I probably use Pinterest a little differently than most. Rather than just using it to pin beautiful images, I use it as a major source of my organization plan.
I use it for posting articles I want to read later, but I also use it for organizing meal plans. I pin each recipe that I’ll make in a week, then go back and look at that board each day.
I also pin several things related to the writer’s life, so be sure to check out my boards for great information about several different types of writing.
YNAB helps me keep track of income and expenses—both business and personal. My husband and I have been able to be debt-free (except for the mortgage) for several years, and YNAB is a big part of it.
We know exactly where our money goes, and we’re able to plan for the future with ease. And when our kids ask us for something impossibly expensive, we’re confident and guilt-free saying, “it’s not in the budget.”
If you’re even mildly curious, it’s worth giving it a try. You can try it free for 34 days without providing any financial information. There’s a bit of a learning curve to using the software, but it’s worth learning.
I use it both for personal finance as well as business finance. One of the most useful features for the latter is the fact that YNAB collects reports. I’ve set up YNAB in accordance with expense lines in the tax form for entrepreneurs, so at the end of the fiscal year, everything is already categorized, making life easier both for me as well as for my accountant.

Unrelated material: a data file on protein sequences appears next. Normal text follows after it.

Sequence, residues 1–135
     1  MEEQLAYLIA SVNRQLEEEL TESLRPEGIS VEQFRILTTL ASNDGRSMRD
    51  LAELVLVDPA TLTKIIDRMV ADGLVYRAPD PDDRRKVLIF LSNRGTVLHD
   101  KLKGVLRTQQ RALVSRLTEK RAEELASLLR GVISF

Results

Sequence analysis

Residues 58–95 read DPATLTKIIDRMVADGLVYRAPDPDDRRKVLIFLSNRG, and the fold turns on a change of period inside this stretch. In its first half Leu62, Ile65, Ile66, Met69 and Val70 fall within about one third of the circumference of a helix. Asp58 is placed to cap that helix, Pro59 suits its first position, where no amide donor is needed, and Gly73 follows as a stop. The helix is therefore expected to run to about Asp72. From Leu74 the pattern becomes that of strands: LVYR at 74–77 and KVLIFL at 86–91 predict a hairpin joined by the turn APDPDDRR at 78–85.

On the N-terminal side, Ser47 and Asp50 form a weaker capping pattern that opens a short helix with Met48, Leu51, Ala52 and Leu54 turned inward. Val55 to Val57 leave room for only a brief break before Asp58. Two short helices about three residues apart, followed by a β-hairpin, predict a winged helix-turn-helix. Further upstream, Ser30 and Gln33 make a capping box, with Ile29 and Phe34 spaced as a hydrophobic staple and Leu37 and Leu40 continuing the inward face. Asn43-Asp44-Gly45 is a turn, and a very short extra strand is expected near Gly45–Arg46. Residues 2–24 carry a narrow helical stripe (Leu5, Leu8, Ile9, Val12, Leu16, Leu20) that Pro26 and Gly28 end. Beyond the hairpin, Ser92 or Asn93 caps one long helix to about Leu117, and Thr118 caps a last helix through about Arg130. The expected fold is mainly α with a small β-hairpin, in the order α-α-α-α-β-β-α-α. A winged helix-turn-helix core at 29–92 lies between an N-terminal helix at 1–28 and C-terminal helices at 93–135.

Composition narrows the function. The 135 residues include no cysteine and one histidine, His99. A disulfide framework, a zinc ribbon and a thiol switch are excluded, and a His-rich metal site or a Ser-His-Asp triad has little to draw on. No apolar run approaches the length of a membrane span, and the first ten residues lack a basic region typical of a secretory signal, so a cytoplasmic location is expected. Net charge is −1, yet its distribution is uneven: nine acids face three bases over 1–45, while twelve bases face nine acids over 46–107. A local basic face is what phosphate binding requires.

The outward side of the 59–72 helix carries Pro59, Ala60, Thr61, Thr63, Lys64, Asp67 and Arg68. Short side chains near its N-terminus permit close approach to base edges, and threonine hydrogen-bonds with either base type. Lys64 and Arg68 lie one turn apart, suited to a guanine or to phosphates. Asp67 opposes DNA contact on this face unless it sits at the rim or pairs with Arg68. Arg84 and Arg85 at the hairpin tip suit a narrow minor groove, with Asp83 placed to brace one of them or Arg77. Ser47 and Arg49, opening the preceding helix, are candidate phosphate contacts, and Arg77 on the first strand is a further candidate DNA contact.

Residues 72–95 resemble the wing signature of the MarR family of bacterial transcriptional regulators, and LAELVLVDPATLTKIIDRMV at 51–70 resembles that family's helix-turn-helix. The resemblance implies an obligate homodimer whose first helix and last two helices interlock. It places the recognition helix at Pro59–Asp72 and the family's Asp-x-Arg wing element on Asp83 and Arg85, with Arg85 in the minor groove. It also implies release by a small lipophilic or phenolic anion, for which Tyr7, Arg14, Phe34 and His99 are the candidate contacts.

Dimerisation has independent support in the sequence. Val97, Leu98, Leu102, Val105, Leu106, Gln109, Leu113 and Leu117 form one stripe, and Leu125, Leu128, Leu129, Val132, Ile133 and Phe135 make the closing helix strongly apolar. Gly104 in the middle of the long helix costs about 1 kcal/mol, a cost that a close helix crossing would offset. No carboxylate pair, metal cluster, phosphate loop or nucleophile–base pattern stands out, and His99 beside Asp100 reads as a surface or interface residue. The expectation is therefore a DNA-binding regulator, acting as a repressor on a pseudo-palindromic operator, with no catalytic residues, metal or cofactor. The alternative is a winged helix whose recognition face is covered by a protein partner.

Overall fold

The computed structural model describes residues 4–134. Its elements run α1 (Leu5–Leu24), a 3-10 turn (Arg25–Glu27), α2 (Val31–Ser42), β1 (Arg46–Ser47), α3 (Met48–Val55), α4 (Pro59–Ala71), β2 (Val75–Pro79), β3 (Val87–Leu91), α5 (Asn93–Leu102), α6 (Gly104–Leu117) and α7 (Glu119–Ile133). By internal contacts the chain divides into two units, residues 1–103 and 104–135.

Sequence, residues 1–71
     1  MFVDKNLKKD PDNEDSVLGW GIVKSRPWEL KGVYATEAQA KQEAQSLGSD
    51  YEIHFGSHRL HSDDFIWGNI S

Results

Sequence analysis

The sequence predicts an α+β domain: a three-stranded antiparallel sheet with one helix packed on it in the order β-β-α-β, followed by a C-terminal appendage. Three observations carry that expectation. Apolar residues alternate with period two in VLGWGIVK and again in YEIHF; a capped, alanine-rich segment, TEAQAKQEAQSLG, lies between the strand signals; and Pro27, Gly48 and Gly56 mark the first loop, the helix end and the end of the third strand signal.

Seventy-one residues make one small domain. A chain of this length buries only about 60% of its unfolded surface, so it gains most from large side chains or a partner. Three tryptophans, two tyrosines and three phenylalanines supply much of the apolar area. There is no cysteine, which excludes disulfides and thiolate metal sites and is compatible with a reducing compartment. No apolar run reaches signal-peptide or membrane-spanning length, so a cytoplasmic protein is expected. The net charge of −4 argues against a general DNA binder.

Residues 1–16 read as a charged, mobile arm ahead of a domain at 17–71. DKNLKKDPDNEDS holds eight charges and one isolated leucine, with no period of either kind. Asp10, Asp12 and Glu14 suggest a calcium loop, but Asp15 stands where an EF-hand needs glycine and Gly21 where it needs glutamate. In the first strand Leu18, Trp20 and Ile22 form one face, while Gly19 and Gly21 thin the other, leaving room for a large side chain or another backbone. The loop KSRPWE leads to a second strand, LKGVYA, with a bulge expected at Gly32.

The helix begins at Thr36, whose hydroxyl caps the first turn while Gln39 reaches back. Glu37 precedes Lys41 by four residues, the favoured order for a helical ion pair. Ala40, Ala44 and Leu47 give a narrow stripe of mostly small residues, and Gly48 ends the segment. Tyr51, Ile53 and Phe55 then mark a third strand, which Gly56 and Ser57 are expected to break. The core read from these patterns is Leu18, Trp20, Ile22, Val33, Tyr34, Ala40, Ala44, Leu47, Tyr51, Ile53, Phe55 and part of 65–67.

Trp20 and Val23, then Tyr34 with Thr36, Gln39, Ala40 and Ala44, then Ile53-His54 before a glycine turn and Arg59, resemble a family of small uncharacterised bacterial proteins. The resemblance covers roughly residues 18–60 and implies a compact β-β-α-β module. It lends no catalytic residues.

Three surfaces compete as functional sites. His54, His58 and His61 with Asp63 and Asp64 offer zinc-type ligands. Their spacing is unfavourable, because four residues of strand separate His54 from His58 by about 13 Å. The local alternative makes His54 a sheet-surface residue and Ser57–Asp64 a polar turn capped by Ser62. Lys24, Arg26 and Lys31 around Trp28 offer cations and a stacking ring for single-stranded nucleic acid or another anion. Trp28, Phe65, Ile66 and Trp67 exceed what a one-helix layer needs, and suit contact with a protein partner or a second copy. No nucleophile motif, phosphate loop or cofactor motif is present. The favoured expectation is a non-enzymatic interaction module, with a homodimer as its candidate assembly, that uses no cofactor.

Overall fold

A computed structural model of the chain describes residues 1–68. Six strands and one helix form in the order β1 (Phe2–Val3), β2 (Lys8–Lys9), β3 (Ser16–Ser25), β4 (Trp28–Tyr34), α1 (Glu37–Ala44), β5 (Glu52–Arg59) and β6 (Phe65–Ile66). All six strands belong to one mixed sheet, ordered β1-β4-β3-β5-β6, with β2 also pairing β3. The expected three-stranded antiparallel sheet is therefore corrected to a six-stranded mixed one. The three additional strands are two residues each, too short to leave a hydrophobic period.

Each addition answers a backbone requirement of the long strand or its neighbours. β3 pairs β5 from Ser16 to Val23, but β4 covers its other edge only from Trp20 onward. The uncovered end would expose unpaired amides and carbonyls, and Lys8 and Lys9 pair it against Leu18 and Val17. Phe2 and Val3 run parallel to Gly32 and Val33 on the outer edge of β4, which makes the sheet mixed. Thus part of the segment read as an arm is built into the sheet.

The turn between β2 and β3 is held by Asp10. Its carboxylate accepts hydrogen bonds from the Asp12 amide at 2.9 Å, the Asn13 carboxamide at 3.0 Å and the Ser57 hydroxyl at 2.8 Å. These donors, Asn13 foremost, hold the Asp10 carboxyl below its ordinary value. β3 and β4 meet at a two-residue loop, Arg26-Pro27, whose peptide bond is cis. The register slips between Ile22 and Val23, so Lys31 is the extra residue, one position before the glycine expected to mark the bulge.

A huge part of my marketing strategy is good old-fashioned meeting people. I go to conferences, business mixers, and any event that I enjoy and/or think would be useful for getting referrals or prospects.
That means I end up with a lot of business cards, and as I’ve said before, I’m trying to clear out my house of paper and junk. CamCard helps me do this. I simply take a photo of each business card I collect, and the app automatically enters the information for me. I can then categorize the card according to business type.
The software isn’t perfect—it doesn’t always recognize non-standard fonts. In that case, I need to manually enter some of the information, but because there’s a picture of the card available, I often opt for skipping that step and just looking it up by category when I need it.
(March 2020 update: The company behind ChoreMonster seems to have gone out of business, and the app is no longer available. I have not found an app that is as good as this one was).
For all parents and caregivers, here’s an app that both you and your children will love. ChoreMonster lets kids check off their chores and collect little monsters as they accumulate points for completed chores.
Each monster has its own personality, and a card to explain it, along with a 2-5 second video of the monster doing a silly action. My kids love collecting their monsters. You can also opt to offer rewards such as a short video, or you can add your own.
This app helps keep my kids (and me) organized, remember our chores, and also creates less of a fight in the morning for getting stuff done.
10. Time Panther
One of the things many entrepreneurs have difficulty with is managing their time. Enter Time Panther. This app is extremely useful for tracking time spent on each project, and if you charge by the hour (though you shouldn’t), it automatically calculates your rates for you.
This app is simple to learn and use, and can be a great teaching tool for learning where your time is going. Please note, however, that the creators of this software seem to have gone missing, so there won’t be much in terms of support.
There are so many apps out there that will help you get organized, but these are the ones I use. I’m always willing to hear about great organization tools. What apps do you use? Let me know in the comments!